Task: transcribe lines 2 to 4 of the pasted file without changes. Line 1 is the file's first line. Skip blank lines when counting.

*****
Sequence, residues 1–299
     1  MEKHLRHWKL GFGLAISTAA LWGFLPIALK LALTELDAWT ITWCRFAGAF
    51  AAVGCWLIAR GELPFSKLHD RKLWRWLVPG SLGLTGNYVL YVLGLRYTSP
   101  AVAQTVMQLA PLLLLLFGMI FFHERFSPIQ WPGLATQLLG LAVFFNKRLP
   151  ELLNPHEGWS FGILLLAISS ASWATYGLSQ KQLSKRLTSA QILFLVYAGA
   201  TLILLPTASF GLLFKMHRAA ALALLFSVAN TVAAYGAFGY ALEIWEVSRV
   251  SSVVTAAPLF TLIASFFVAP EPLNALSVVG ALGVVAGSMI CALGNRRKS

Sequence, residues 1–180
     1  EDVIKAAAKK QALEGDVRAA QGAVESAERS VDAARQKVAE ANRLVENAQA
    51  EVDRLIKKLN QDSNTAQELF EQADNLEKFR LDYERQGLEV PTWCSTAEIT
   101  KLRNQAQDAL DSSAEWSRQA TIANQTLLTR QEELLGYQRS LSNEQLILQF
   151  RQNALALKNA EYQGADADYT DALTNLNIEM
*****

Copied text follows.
     1  MEKHLRHWKL GFGLAISTAA LWGFLPIALK LALTELDAWT ITWCRFAGAF
    51  AAVGCWLIAR GELPFSKLHD RKLWRWLVPG SLGLTGNYVL YVLGLRYTSP
   101  AVAQTVMQLA PLLLLLFGMI FFHERFSPIQ WPGLATQLLG LAVFFNKRLP